WAS HIS MISTAKE GETTING IN THE CAR OR TELLING ANYBODY ABOUT IT? "The mistake was talking about it because he won't have that option down the road. If that ever happens to him again, he's not gonna have the option and I'll guarantee you it was a luxury for him to continue to drive, make a living, get some poles, run good and do all the things that he's done. When that privilege is taken away, I would hope to think that he would have regretted saying that. Head injuries are a really touchy subject. I haven't ever had one. I've never been knocked out, so I don't know. But I can tell you that if you've been knocked out, it isn't automatic that you're incapable of driving for a certain period of time. Some guys get knocked out real easy. I mean, I know Morgan (Shepherd) used to get knocked out often when he crashed but he didn't have a head injury. There were some other guys that got knocked out more often than others. It seemed like Neil (Bonnett) would get knocked out from time to time."
CAN YOU TELL US WHAT IT'S LIKE INSIDE THE RACE CAR WHEN YOU HAVE ONE OF THESE WRECKS LIKE THEY HAVE HERE FROM TIME TO TIME? "You usually process most of it. Here, the wrecks are really slower. They don't happen as fast in the car. The order of things happening is usually slower. You slide longer, you hit this thing. You slide some more and hit that thing. You get hit and all that and because of the speed the wrecks last longer, but you're out of control. You don't have control of it."
IS IT SHEER TERROR? "It is terror. You never used to think about it, but now as I'm doing that I'm always wondering if the next one is gonna be the one that takes me out."
HAVE YOU EVER BEEN UPSIDE-DOWN? "I have, but it doesn't even count. I'm a tough guy in the fact that I don't care how hard I hit the concrete as long as I don't go upside-down because I'm scared to death. I'm horrified. I don't ever want to turn over and, basically, for all practical purposes I really haven't in 30 years of racing."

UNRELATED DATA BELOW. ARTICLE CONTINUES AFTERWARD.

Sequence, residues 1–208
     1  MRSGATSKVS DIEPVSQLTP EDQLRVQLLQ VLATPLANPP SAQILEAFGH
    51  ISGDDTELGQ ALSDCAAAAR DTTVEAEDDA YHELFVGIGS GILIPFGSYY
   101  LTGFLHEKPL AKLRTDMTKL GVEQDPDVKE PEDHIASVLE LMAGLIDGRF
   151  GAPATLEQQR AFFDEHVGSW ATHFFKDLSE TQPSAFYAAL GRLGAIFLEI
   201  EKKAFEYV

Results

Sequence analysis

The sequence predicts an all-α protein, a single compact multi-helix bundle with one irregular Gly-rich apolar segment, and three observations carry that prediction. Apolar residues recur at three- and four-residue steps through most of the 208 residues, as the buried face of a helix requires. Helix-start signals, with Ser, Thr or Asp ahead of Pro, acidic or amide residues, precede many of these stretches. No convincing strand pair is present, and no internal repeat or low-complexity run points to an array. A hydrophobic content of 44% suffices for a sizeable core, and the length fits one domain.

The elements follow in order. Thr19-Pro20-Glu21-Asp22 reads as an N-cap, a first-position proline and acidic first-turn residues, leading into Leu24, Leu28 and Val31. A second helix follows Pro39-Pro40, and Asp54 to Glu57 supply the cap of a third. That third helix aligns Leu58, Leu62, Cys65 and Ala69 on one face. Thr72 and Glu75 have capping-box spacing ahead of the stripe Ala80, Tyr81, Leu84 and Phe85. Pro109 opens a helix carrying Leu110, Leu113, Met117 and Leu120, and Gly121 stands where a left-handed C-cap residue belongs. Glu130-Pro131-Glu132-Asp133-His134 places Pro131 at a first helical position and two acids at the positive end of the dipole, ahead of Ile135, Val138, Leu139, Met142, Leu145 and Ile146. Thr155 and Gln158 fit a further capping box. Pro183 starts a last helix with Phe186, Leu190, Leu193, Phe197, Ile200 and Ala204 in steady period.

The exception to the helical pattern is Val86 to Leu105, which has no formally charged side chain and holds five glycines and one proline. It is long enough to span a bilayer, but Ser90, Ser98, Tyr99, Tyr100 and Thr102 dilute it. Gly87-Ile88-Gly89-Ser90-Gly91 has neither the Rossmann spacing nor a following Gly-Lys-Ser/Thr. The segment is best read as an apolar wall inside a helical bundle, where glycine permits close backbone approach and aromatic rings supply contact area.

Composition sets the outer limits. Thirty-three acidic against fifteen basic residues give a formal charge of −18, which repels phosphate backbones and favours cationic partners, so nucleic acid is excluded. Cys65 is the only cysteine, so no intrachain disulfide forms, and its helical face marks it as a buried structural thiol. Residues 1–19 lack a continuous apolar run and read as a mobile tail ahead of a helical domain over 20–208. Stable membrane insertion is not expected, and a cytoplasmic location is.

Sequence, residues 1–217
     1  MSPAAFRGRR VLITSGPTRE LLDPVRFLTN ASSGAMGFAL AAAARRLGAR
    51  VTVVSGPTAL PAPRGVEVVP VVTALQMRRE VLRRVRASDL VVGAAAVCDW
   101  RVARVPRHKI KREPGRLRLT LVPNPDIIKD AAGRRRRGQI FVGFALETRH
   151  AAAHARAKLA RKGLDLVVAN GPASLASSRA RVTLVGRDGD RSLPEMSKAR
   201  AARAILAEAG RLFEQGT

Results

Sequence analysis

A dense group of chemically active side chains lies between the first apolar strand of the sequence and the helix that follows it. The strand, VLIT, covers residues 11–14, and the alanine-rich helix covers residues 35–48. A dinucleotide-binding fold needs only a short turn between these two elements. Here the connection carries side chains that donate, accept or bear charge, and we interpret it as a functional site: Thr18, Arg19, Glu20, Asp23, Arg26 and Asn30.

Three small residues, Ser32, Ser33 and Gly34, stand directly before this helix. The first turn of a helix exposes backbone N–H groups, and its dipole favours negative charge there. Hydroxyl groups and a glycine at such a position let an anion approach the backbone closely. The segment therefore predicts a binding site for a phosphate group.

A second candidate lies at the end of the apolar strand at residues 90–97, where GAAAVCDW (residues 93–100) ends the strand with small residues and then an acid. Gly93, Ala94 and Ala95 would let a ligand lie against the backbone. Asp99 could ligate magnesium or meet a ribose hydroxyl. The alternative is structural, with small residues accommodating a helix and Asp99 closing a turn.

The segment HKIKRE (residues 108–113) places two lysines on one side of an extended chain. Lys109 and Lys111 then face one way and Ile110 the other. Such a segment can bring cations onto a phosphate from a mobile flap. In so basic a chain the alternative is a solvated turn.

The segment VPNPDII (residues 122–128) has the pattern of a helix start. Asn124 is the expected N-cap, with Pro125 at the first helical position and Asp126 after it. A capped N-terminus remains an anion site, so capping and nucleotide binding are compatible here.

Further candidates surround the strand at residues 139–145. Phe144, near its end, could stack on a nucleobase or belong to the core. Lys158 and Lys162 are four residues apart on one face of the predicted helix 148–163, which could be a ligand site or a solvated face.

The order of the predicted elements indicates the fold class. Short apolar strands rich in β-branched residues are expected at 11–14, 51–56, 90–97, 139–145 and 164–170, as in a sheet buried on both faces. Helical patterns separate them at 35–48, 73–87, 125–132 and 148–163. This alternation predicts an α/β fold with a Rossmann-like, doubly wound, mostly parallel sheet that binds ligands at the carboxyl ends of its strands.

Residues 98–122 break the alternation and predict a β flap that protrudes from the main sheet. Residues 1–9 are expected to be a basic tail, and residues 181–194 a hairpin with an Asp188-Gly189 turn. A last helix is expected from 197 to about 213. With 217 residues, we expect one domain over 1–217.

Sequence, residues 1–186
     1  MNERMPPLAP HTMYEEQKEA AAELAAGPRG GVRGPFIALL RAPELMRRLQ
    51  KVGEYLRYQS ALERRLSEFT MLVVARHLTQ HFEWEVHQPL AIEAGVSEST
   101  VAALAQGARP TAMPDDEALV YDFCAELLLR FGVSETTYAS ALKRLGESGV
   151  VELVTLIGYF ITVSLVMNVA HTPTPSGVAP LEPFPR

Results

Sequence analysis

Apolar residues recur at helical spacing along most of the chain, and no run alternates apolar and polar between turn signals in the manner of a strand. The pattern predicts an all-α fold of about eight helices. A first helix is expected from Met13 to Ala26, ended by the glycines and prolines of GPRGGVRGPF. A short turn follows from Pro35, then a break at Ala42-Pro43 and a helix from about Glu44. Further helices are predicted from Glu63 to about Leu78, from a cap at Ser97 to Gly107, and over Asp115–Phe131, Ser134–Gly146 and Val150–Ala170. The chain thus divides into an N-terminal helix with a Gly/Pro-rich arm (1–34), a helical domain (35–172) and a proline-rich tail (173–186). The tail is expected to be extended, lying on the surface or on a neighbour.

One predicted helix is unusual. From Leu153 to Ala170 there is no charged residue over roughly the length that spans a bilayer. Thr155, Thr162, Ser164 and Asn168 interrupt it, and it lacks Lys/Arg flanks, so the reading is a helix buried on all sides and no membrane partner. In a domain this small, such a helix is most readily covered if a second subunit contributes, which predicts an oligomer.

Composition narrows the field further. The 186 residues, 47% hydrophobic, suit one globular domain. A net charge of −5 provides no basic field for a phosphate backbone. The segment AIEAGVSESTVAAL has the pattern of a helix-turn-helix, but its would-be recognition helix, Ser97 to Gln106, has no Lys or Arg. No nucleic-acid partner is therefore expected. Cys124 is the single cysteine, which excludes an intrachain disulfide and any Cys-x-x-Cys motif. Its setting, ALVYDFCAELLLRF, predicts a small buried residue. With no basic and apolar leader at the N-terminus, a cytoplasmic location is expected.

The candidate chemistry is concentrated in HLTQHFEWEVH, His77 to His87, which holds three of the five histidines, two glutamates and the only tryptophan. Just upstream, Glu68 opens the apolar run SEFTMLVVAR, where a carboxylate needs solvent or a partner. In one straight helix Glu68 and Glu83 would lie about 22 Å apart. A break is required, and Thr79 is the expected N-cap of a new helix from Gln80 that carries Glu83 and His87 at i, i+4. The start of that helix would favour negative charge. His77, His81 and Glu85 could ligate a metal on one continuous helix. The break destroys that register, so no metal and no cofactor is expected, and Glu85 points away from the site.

GIVEN WHAT CAN HAPPEN HERE, IS THIS RACE MORE PIVOTAL THAN SOME OF THE OTHERS? "This is because you don't have control over it. You don't have control of where you finish or if you wreck. You do have a little control of where you finish and you can argue that point, but percentage-wise, you have much less percentage of influence of where you finish here than you can influence where you finish at the other tracks left on the schedule."
WHAT ABOUT THE FUEL CELL RULE HERE? "I think we have to watch it and see. I don't think we really know for sure. I applaud NASCAR for trying. I'm not sure if I'm for it or against it, but they're trying to do something and I applaud them for that."
WHAT ABOUT ADDITIONAL PROBLEMS IT COULD PRESENT LIKE PIT ROAD AND BRAKES? "Accidents, people running into the back of people pitting. All these things are possible consequences, but part of anything you do affects something else here. So I'll say again that we've got to wait and see how we like it and how it works. I applaud them for trying something. I'm not sure that's something I would have come up with, but they're brilliant people and they also get lucky more often than not. So, between how smart they are and how lucky they are, maybe this is the greatest thing since sliced bread. I don't know."
MARTINSVILLE IS ANOTHER TRACK LEFT THAT MIGHT CAUSE SOME CONCERN, RIGHT? "I have a lot more influence on what happens at Martinsville than here. It's a little less at Martinsville than the rest of them on the schedule, but I wouldn't complain about Martinsville until we get this one behind us. This is the big one and that is only a small one as far as those issues go."